My first experience as a sponsor

I have wanted to be a sponsor for some time now, it was hard to be patient but I knew I needed to wait for someone to hit their bottom and be willing to work the steps.  I finally had someone reach out to me a month ago.  I’ll keep him and any of the story pertaining to him completely anonymous and out of this story.  That’s his story to tell, not mine.  For now, this is about my side of the experience.  What is it like to be a sponsor and what did I learn in my first meeting?  It surprised me!

The first thing I discovered is that I was incredibly nervous and anxious leading up to our first meeting.  In fact, I’d put it at a heightened emotional level of a pre-trigger event (most likely due to strong feelings of fear caused by my nervousness).  I was actually surprised by this.  That may very well be just me though and I would expect each person’s first experience to vary in this regard.  I let my wife know that I was nervous and anxious and was taking extra precautions to serve others, be diligent in my personal study, and that I would be fine.  I just wanted to check in with someone and this was a good thing to check in with my wife on.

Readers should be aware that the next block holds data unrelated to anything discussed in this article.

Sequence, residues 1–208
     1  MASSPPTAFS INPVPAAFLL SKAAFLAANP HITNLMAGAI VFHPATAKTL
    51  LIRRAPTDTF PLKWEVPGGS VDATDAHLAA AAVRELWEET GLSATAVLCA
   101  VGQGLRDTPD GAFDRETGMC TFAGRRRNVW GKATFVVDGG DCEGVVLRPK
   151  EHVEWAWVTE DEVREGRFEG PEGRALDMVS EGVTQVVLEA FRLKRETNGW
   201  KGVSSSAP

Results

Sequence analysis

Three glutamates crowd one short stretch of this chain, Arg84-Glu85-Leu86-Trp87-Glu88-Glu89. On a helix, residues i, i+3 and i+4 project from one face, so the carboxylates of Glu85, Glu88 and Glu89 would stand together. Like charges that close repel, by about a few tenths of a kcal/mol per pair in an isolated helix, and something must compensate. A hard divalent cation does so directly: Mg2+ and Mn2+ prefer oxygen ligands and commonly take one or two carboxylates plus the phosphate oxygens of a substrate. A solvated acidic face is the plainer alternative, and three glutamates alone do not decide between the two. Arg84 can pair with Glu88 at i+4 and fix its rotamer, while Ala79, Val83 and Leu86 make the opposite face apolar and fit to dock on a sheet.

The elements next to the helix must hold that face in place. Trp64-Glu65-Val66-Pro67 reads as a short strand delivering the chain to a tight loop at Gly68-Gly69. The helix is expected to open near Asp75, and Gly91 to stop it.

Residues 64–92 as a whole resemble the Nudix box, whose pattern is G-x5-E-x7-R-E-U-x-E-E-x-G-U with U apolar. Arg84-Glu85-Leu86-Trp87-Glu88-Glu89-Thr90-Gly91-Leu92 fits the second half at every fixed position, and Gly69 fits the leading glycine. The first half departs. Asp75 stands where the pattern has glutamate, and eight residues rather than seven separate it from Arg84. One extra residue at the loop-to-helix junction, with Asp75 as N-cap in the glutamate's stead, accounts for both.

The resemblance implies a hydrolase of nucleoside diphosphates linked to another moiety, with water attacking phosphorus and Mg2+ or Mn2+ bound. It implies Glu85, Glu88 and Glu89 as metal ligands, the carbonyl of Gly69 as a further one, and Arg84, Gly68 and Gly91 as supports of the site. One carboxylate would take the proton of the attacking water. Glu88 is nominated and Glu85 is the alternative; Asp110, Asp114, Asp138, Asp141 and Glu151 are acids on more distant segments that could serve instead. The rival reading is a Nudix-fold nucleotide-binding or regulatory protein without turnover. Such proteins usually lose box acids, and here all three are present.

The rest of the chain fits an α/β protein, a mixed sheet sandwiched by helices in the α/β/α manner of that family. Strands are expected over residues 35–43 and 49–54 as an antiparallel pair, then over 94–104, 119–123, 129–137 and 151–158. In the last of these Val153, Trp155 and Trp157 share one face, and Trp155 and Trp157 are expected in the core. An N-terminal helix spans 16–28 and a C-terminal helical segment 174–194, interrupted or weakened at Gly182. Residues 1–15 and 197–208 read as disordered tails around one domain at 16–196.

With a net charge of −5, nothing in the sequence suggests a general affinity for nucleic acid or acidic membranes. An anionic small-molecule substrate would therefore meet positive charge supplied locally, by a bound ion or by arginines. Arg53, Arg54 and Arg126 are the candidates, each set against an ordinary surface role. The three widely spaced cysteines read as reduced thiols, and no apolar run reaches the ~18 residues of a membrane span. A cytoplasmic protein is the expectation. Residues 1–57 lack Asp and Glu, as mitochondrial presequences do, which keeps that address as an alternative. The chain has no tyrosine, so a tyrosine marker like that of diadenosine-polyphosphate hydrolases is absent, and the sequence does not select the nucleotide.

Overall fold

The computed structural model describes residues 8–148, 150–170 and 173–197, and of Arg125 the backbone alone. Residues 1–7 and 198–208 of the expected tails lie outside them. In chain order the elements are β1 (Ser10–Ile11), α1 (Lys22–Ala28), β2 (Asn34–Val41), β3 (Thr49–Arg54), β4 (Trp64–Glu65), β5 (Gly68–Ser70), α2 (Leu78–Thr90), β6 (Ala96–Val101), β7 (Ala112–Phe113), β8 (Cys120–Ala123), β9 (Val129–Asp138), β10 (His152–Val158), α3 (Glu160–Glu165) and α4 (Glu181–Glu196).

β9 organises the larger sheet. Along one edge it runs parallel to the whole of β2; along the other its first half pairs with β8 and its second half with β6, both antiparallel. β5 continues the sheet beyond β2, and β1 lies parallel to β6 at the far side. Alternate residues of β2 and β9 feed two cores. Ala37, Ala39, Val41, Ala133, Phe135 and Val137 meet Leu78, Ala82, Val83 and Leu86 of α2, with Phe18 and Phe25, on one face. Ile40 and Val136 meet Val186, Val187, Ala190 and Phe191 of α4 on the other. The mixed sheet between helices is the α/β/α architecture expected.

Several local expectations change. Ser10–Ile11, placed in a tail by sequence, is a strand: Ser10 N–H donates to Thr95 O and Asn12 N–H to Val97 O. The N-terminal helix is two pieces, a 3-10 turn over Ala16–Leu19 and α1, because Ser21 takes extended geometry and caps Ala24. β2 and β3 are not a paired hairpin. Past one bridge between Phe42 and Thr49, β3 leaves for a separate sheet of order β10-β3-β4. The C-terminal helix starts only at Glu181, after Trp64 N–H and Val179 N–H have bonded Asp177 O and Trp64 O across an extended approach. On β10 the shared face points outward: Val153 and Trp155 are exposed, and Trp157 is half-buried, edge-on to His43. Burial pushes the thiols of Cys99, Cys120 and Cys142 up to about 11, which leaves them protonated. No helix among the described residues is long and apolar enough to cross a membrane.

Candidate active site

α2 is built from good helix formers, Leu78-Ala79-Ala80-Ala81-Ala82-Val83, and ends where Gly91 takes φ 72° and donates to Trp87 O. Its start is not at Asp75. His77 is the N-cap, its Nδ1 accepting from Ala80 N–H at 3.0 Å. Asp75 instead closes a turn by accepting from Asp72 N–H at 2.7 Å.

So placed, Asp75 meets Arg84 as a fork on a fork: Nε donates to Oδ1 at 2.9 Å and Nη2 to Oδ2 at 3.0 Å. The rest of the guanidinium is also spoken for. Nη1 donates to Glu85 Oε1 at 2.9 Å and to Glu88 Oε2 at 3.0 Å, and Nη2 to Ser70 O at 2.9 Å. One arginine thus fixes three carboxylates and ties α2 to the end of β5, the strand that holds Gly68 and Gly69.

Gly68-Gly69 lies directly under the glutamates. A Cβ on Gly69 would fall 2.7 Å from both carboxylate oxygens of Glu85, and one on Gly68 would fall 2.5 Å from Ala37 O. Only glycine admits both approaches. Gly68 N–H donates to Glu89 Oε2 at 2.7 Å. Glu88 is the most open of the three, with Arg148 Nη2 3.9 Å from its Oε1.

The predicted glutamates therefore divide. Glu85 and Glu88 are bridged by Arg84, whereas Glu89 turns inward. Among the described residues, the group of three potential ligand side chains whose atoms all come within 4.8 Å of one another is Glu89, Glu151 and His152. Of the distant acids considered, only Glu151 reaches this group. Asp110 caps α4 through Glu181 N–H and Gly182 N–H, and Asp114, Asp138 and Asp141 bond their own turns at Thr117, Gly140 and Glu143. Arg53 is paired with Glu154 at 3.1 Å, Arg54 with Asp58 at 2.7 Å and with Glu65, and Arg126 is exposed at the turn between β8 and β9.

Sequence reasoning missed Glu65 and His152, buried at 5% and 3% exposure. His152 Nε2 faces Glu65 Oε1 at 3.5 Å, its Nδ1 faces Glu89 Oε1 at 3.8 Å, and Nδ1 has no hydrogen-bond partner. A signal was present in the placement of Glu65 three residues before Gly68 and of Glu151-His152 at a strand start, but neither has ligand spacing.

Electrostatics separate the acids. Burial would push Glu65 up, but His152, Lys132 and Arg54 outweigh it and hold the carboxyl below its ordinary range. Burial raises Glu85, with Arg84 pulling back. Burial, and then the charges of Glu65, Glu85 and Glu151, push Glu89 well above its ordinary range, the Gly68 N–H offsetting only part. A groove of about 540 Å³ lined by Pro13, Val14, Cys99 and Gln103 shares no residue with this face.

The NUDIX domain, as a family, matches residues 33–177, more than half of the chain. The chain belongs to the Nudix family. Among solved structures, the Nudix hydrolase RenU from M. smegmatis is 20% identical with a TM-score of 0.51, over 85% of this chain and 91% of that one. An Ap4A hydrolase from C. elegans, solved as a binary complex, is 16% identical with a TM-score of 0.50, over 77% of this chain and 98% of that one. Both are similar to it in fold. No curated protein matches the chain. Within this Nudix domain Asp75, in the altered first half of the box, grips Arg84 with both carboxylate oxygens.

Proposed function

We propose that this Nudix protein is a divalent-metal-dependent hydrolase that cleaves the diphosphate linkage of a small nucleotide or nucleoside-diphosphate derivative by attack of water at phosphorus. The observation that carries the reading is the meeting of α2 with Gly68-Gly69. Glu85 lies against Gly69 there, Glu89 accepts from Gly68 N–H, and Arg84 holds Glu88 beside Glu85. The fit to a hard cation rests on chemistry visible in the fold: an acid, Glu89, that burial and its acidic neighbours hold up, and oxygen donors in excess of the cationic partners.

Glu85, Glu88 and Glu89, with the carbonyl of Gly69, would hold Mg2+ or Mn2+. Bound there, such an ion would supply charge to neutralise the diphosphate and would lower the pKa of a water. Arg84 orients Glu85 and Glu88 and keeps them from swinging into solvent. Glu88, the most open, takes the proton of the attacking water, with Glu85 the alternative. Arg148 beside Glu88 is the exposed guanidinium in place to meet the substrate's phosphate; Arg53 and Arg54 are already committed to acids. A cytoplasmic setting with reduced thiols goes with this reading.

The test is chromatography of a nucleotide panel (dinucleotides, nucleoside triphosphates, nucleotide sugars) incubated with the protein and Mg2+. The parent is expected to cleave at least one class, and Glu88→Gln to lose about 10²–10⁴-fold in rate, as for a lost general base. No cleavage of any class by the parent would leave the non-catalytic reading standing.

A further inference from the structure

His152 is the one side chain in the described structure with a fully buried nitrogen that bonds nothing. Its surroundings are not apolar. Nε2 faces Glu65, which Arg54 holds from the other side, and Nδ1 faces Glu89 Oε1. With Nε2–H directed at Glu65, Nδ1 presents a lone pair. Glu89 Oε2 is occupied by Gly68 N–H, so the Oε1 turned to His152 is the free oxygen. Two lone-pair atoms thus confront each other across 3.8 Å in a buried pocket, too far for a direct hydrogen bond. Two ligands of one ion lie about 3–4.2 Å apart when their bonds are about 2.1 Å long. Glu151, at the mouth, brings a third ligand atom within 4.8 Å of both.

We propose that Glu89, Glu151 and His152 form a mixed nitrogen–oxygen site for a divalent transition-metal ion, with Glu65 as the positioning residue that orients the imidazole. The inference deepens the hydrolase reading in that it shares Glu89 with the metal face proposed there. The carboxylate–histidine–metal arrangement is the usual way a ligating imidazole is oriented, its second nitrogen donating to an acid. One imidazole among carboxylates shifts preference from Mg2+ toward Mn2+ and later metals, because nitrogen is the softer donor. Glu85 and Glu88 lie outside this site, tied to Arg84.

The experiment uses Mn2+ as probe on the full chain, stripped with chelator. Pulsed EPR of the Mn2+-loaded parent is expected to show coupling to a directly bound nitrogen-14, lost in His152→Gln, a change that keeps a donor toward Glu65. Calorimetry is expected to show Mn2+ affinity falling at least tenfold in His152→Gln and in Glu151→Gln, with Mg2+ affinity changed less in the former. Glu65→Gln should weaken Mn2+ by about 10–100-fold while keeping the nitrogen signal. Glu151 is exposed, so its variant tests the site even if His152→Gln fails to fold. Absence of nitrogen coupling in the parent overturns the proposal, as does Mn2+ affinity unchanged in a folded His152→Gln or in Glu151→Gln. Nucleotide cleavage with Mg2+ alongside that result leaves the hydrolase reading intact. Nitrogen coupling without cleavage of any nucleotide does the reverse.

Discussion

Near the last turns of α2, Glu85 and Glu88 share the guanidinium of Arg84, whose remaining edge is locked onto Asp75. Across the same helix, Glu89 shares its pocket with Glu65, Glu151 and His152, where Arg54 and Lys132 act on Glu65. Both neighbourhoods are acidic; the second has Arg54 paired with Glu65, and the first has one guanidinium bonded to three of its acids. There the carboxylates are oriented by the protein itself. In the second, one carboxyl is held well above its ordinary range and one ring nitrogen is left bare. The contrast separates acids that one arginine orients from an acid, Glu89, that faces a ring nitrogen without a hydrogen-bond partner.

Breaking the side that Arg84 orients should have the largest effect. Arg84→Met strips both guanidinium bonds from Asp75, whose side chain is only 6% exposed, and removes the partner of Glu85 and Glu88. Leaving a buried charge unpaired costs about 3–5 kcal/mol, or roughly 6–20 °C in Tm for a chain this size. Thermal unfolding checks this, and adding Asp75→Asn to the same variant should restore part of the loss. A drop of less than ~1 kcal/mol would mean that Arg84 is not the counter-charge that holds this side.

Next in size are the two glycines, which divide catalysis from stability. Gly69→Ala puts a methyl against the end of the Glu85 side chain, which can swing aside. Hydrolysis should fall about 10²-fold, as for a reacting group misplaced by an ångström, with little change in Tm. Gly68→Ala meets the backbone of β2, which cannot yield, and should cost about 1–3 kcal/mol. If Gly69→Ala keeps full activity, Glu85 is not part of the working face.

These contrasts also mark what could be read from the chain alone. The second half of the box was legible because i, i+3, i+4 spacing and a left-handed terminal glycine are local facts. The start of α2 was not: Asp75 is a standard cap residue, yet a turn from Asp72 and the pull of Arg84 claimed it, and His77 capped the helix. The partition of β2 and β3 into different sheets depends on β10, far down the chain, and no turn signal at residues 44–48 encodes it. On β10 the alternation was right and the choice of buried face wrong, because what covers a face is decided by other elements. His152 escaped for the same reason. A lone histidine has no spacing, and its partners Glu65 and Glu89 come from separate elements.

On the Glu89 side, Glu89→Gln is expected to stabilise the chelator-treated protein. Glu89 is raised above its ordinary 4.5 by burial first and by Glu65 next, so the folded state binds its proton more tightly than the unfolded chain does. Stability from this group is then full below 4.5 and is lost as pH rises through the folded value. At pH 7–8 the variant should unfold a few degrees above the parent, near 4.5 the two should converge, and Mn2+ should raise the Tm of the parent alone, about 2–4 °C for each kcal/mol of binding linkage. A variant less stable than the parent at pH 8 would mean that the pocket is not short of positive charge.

We met at my church where I can easily grab a classroom for privacy and not worry about intrusions from my family or others.  It also gave us a calm place to speak about private matters without worrying others might overhear.  We started with a simple prayer to ask God to be with us, to help him be open to this new experience, and to help me know how to best guide him through his 12 step process.

I then read through the Step 1 instructions that my sponsor shared with me (Step 1 PDF Download).  If you want to look these up, they reference the AA Big book hard copy.  The roman numerals have two sets of numbers, the first matches the small print AA book  and the second matches the large print AA book.  The regular numbers are the same in both books.